A daemon manager using eventmachine
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README.md

HelloGoodbye

A daemon manager with a TCP interface built on top of EventMachine.

Install the Gem

You can install the gem from RubyGems

gem install hello_goodbye

The Foremen Manager

The foremen manager is the mother-ship for all your custom foremen that will spawn workers (or do whatever you wish).
A foreman itself, the manager creates a TCP console of its own so foremen can be reviewed and managed from the manager itself.

manager = HelloGoodbye::ForemenManager.new(:port => 8080, :server => "127.0.0.1")
# or...
manager = HelloGoodbye.manager(8080, "127.0.0.1")

To register foremen (before "start!"ing the manager), execute code like the following:

manager.register_foreman( :port => 8081, :class => HelloGoodbye::TestForeman )

If you want to capture errors (and you should -- if the manager goes down, everything is liable to go down with it), pass a block to the on_error method as follows:

manager.on_error do |e|
  # Do stuff. 
end

When you're all set up, fire away with the start! method:

manager.start!

This will block. After this is executed, all your manager and all your foremen should be listening in on their respective ports for your command.

Consoles

After making a TCP connection to one of the consoles, communication should occur to and from the console using one of the following standard JSON packages.

Commands issued to a service should be formatted as follows:

{
  "command": "YOUR COMMAND"
}

Responses from the service will be formatted as follows:

{
  "success": true,
  "message": "MESSAGE FROM SERVICE",
  "results": []
}

Note the following:

  • success can be true for false
  • results will either be an array of data relavent to the command, or will be absent.

The Manager Console

Once started, your manager will be available for TCP connections, and will respond to the following commands:

CommandResponse MessageResultsAction Performed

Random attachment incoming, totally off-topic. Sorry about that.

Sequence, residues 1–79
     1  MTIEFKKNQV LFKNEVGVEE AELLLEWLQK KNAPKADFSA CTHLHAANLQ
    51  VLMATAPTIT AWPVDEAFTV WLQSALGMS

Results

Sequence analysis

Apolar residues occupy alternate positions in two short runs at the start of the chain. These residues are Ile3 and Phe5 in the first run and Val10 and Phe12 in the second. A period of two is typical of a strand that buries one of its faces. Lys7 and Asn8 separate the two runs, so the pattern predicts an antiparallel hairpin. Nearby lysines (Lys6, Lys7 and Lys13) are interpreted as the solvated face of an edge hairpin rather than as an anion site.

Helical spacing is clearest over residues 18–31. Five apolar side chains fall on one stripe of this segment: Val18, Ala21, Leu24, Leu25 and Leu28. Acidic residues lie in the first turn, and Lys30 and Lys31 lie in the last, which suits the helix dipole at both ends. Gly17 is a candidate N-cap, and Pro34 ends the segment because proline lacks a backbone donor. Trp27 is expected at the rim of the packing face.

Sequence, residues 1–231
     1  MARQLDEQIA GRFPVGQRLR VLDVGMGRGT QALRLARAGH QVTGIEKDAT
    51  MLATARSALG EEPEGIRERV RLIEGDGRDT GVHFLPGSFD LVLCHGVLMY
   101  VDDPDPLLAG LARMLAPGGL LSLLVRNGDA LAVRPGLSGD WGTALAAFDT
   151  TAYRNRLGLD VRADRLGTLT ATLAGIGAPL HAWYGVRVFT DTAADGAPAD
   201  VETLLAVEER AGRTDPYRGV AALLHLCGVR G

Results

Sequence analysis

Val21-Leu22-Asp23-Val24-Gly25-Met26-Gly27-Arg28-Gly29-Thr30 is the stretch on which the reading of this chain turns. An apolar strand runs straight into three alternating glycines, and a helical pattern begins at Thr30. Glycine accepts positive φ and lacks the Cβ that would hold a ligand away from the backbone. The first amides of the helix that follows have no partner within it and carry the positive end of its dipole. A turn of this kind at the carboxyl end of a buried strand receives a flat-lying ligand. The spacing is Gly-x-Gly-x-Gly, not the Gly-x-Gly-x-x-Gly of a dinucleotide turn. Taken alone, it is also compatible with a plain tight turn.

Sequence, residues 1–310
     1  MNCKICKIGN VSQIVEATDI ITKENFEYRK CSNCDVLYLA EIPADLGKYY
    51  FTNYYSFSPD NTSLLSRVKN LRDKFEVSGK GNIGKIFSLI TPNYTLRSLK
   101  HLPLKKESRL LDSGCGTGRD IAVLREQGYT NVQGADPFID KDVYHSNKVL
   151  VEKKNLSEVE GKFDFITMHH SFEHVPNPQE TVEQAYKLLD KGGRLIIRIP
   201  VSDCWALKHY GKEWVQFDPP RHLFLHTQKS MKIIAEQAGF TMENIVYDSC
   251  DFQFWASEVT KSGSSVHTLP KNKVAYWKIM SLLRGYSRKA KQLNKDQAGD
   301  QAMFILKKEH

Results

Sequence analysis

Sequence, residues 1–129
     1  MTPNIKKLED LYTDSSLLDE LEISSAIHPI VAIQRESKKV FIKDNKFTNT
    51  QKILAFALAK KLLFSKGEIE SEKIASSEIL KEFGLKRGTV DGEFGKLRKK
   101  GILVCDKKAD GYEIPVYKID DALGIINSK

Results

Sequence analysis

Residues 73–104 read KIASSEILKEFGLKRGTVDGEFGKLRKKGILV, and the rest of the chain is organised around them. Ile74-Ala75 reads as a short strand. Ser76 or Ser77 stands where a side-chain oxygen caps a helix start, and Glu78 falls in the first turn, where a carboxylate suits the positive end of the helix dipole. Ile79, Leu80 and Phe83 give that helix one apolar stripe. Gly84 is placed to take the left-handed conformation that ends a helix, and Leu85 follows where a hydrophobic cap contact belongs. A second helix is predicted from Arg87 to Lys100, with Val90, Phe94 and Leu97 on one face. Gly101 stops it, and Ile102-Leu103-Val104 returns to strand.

hello hello None. Nothing. Just a convenient way to "ping" the service.
goodbye goodbye None. Closes the connection.
foremen ok An array of hashes with details about each forman. Nothing.
start XX "ok" if successful. An array of started foreman ids. The foreman with the name XX is started. If XX is "all", all stopped foremen will be started.
  XX will be "test" if the foreman name is TestForman.
  Otherwise, if XX is an integer, the ID of the active foreman will be consulted
  instead of the name.
</td>
stop XX "ok" if successful. An array of stopped foreman ids. The foreman with the name XX is stopped. If XX is "all", all active foremen will be stopped.
  XX will be "test" if the foreman name is TestForman.
  Otherwise, if XX is an integer, the ID of the active foreman will be consulted
  instead of the name.
</td>
(Anything else) unknown command None. Nothing.

Custom Foremen

Foremen that you build must inherit from HelloGoodbye::Foreman. Beyond that, you should only have to implement a few instance methods that will be executed when the corresponding console commands are executed during a TCP connection:

def start
  # Start listening for events to respond to.
end

def stop
  # Stop listening for events.
end

Foremen Console

Once started, your foreman will be available for TCP connections, and will respond to the following commands:

CommandResponse MessageResultsAction Performed
hello hello None. Nothing. Just a convenient way to "ping" the service.
goodbye goodbye None. Closes the connection.
start ok Nothing. Executes the foreman's static "start" method. Typically, this would execute whatever "daemon" will listen for events and spawn workers.
stop ok Nada Executes the forman's "stop" method, stopping the foreman's daemon.
status "running" or "stopped" Nada Nothing.
(Anything else not implemented by your custom foreman) unknown command None. Nothing.

Custom Consoles

Although there is a generic

HelloGoodbye::ForemanConsole

that will hopefully suit the needs for most usecases, custom consoles can easily be created and attached to custom foremen as needed.

First, to implement your custom console, inherit from

HelloGoodbye::ForemanConsole

and override

receive_command

.

To make your own class extensible, and to make use of the built in console commands implemented in the

HelloGoodbye::ForemanConsole

class, you'll want to start with the template below when overriding this method:

def receive_command(command) # Process additional commands here. # Return if processes successfully super # Process the default commands. If no match, a failure response will be returned. end

The last little catch is this: you must let your custom forman class know which console to use. To do this, in your Foreman class, assuming your console class is HelloGoodbye::TestConsole (yes, your console must be in the HelloGoodbye module ):

set_console_type :test   # i.e. ":test" for TestConsole

Thus, the rules are as follow:

  • Your console's class name must be prefixed with "Console".
  • When setting this type with the class method, you must pass in a symbol matching the de-classified class name, minus the "Console" prefix.